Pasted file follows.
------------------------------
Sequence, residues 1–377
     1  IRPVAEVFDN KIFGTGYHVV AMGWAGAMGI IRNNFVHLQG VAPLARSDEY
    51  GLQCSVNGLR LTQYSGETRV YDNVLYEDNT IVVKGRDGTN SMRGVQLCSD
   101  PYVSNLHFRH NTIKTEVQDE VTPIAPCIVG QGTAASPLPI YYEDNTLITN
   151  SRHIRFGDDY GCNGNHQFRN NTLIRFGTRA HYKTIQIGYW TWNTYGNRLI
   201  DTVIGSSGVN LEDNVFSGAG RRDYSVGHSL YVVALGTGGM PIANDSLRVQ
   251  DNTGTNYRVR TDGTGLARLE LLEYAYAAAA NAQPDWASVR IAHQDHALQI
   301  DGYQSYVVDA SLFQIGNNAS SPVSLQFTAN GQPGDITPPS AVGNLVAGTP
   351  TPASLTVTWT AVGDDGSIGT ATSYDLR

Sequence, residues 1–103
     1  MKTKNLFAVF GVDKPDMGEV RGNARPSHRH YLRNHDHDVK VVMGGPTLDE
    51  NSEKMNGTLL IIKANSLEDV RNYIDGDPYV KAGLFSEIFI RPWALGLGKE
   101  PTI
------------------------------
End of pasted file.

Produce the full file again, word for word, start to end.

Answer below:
Sequence, residues 1–377
     1  IRPVAEVFDN KIFGTGYHVV AMGWAGAMGI IRNNFVHLQG VAPLARSDEY
    51  GLQCSVNGLR LTQYSGETRV YDNVLYEDNT IVVKGRDGTN SMRGVQLCSD
   101  PYVSNLHFRH NTIKTEVQDE VTPIAPCIVG QGTAASPLPI YYEDNTLITN
   151  SRHIRFGDDY GCNGNHQFRN NTLIRFGTRA HYKTIQIGYW TWNTYGNRLI
   201  DTVIGSSGVN LEDNVFSGAG RRDYSVGHSL YVVALGTGGM PIANDSLRVQ
   251  DNTGTNYRVR TDGTGLARLE LLEYAYAAAA NAQPDWASVR IAHQDHALQI
   301  DGYQSYVVDA SLFQIGNNAS SPVSLQFTAN GQPGDITPPS AVGNLVAGTP
   351  TPASLTVTWT AVGDDGSIGT ATSYDLR

Sequence, residues 1–103
     1  MKTKNLFAVF GVDKPDMGEV RGNARPSHRH YLRNHDHDVK VVMGGPTLDE
    51  NSEKMNGTLL IIKANSLEDV RNYIDGDPYV KAGLFSEIFI RPWALGLGKE
   101  PTI